Hit & Run
You Need a Strong Defense Against Charges of Hit and Run
People who speed away from the site of an automobile collision are commonly associated with hit-and-run incidents. While this is a hit-and-run incident, California regulations on these sorts of accidents cover a broader spectrum of actions.
Even if you stop your car after an accident, if you don't identify yourself or offer contact information, you might be accused of a hit-and-run. These rules apply regardless of who was at blame, the magnitude of the damages, or the severity of the injuries. At Law Office of Michael L. Fell, you can speak to a hit and run lawyer who can explain the subtleties of these legislation and how they can relate to your case.
Call us right away at (949) 585-9055 if you have been in or accused of being in a hit and run accident.
The Vehicle Code of California and Hit-and-Runs
If you fail to complete the following after a collision, you may be charged with a hit and run, according to California Vehicle Code 20000 – 20010:
- Stop your car right away
- Provide your accurate name and address
- Upon inquiry, provide your driver's license and car registration details
- File a written report with the Highway Patrol or the police department of the city where the accident happened
If you damage someone else's property and the owners are not there at the time of the accident, you must still disclose your information, either in person or by note, according to California law. If you leave the scene of a property damage collision without identifying yourself, you may face a misdemeanor hit and run accusation.
If someone is injured in an accident, you must also give appropriate aid if they ask you for it it. This can be accomplished by contacting emergency services and sending any injured persons to a medical practitioner.
Potential Consequences for Hit-and-Run Convictions
Hit-and-run violations are vigorously pursued. Even a small fender bender or accident might result in charges. In some cases, if you did not hit another vehicle but your reckless driving caused an accident between other vehicles, you could be charged.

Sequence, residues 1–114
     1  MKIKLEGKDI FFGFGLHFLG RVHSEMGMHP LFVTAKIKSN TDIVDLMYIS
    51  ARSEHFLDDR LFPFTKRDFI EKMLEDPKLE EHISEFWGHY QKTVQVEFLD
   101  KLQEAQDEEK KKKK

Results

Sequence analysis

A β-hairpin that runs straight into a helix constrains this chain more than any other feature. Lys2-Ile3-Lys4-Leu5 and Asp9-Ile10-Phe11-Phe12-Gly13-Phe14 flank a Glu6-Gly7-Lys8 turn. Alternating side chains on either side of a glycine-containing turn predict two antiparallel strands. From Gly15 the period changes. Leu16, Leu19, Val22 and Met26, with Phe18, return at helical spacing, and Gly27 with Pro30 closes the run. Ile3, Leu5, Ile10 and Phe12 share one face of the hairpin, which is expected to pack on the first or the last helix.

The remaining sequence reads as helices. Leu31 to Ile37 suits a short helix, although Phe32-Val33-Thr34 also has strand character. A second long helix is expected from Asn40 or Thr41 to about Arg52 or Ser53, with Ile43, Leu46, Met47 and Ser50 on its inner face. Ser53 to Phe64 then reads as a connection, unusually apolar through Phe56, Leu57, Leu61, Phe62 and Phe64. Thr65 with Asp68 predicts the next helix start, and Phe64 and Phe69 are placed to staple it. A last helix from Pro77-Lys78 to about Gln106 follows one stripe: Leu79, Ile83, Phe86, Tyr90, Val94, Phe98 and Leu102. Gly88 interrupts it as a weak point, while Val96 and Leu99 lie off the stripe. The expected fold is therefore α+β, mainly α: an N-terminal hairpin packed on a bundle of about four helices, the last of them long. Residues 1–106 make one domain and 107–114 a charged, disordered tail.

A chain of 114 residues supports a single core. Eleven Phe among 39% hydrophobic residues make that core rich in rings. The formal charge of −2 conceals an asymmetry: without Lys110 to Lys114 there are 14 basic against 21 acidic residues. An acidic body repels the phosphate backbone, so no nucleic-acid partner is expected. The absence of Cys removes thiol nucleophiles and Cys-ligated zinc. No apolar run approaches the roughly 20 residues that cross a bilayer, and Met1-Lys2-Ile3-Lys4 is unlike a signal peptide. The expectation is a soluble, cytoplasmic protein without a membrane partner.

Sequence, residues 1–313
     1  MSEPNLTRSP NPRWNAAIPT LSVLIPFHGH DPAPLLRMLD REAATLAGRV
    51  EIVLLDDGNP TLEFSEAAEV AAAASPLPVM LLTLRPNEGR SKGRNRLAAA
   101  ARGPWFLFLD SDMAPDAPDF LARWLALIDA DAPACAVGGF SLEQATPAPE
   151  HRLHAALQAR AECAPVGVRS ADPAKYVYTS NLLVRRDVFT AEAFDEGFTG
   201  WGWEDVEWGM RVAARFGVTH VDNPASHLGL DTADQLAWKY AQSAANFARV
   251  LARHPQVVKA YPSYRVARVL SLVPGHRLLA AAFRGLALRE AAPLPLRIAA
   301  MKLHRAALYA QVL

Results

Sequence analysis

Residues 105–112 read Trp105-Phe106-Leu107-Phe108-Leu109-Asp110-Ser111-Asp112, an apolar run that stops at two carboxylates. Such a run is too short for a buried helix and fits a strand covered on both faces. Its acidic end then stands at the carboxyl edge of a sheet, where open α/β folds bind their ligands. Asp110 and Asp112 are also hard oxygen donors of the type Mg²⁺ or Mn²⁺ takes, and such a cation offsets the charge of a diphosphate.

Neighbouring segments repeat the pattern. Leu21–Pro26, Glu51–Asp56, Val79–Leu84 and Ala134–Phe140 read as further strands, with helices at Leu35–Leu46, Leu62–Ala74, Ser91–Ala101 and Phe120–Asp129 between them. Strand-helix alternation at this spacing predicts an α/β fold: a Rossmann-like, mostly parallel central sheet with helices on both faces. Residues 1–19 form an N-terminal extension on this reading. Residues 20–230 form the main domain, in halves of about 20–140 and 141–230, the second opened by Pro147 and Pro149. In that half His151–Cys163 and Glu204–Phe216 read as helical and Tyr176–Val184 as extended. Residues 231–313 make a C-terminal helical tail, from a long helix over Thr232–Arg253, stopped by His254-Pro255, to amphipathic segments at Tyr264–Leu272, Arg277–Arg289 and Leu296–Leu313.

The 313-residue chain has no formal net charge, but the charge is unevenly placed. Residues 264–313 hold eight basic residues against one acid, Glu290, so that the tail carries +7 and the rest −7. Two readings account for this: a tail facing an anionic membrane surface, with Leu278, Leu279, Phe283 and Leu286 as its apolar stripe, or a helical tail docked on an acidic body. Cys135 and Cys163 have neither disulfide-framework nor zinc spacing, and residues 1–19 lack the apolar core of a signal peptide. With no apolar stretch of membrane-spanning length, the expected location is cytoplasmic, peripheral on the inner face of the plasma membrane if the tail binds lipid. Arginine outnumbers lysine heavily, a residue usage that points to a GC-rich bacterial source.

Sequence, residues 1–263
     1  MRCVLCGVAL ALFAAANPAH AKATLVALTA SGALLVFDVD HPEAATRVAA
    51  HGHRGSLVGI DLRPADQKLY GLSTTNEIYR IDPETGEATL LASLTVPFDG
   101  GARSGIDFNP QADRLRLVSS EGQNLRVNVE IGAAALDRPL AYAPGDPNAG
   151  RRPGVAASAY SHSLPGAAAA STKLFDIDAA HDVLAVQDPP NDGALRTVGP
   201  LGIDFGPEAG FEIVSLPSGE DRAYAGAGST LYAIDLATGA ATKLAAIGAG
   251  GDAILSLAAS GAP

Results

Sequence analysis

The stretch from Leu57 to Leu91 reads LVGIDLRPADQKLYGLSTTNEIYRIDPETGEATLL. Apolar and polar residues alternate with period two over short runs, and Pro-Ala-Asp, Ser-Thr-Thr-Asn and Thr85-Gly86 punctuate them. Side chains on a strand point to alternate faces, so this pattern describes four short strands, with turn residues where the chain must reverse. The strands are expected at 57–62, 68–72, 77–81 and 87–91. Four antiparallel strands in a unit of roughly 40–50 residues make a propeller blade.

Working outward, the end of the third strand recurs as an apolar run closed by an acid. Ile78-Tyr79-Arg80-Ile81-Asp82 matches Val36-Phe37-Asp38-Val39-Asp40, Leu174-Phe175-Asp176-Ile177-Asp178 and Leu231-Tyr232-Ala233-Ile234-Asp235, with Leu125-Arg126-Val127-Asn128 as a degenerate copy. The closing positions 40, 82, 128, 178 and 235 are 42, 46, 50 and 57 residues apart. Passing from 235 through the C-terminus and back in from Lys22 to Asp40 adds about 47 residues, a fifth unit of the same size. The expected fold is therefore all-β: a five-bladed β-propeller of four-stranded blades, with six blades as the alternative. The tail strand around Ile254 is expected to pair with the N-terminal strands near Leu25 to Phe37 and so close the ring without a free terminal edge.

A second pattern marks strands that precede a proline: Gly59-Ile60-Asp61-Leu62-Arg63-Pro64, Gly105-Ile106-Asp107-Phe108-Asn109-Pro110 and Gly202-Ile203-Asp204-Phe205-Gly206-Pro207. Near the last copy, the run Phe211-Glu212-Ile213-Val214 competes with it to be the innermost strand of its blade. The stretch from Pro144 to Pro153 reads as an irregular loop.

In California, the penalties for hit-and-runs vary based on the severity of the crash and whether or not property damage or injuries were sustained. A hit-and-run is a "wobbler," which means it can be prosecuted as a misdemeanor or a felony. If the collision just caused property damage, you will be punished with a misdemeanor. As a misdemeanor, you might face the following penalties:
- A county jail sentence of up to six months
- Fines of up to $1,000
- Your driver's license will be docked two points
If another person was injured or died as a result of the collision, the hit and run is deemed a felony crime. If you're accused with this crime, you'll face the following penalties:
- Prison terms of two, three, or four years
- Fines of up to $10,000 are possible
- Your driver's license will be docked two points.
If the hit-and-run occurred while you were inebriated or driving without a license, the penalties will be increased.
The court may approve a civil settlement if the hit and run is your first crime and is prosecuted as a misdemeanor, and you were driving properly. In this case, your misdemeanor hit and run accusation may be dropped if you compensate the victims for the cost of the destroyed property.
Hit and Run's Unintended Consequences
Leaving the scene of an accident without permission can result in a driver's license suspension or revocation, as well as enhanced damages if the other parties involved decide to launch a lawsuit against you. Because many insurance companies refuse to cover hit-and-run accidents, any damages awarded to the plaintiff would almost certainly have to be paid out of pocket.
How Our Law Firm Can Help
Prosecutors must establish that you voluntarily fled the site of an accident knowing there was damage or injury before you may be charged with a hit and run. With this in mind, the following are some probable defenses to a hit-and-run charge in California:
Your property was the only property damaged - You may claim that California law does not compel you to stop and identify yourself if the damage was only to your own car.
You were unaware of the accident - You may not be held accountable for a hit and run if you were unaware that you were involved in an accident.
You were not involved at all - You cannot be prosecuted with a hit and run if your car was stolen and the driver then fled the scene of an accident they caused.
You were not driving – If the driver fails to stop and share information in a hit-and-run situation, just the motorist is held accountable.
Call Us Today for a Free Legal Consultation
We are standing by to help you through this difficult time. If you have been charged with or accused of a hit and run in California, contact Law Office of Michael L. Fell at (949) 585-9055 for a free legal consultation.